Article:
Lifts in Singapore's blocks of public housing are still sometimes being used as toilets to the fury of residents despite a long government campaign to eradicate the habit, a report said yesterday.
A suburban council has put up notices showing a bare-bottomed woman apparently urinating in a lift and a man smoking in another, the Sunday Times newspaper said. The incriminating images were captured by closed-circuit cameras and published blurred as a warning.
If such "antisocial" acts continued, the Tampines Town Council said it would publish clear pictures of offenders and submit them as evidence for prosecution under the Environmental Public Health Act.
Singapore is obsessed with cleanliness and wages regular campaigns to promote social graces, with chewing gum banned and recalcitrant litterbugs shamed by being made to pick up rubbish in public.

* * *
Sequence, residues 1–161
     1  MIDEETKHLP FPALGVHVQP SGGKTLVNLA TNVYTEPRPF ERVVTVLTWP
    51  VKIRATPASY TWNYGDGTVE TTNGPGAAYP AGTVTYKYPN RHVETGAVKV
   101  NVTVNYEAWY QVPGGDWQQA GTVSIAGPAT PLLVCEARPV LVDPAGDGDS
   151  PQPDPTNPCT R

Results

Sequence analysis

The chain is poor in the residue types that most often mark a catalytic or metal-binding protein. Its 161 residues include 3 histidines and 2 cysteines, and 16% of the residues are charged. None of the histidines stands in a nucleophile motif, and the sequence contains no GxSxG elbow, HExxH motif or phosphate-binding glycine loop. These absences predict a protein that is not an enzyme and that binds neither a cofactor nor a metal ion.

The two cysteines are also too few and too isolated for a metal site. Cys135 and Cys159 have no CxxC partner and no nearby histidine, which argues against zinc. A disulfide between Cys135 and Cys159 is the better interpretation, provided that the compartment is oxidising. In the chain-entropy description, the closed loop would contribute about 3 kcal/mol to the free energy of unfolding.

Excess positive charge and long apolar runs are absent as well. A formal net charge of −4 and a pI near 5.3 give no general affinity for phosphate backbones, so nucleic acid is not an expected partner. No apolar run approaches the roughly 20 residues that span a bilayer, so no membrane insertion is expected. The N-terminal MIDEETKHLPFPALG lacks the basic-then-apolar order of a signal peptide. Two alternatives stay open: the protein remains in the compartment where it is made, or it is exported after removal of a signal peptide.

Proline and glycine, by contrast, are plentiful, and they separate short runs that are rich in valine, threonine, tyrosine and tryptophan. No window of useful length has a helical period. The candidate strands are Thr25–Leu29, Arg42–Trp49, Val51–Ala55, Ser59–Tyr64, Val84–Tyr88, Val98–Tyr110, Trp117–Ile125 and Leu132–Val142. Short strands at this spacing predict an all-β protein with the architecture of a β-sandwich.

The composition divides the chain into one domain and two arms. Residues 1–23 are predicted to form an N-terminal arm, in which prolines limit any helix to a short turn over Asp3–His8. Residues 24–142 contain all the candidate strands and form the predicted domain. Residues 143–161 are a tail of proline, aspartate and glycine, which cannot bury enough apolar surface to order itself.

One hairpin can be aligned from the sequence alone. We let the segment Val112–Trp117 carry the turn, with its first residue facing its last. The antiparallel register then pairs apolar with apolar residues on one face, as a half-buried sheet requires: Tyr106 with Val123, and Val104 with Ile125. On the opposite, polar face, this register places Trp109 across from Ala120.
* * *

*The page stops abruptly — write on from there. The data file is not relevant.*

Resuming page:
But before mass public housing was launched in the 1960s, many Singaporeans lived in slums without indoor plumbing and carried unsanitary habits to high-rise apartment blocks.
The Sunday Times said the smell of urine and cigarette smoke was the most persistent problem in lifts - but it could get worse.
"Sometimes there's faeces as well," housewife Jo Neo, 40, told the newspaper. "What happened to civic-mindedness?"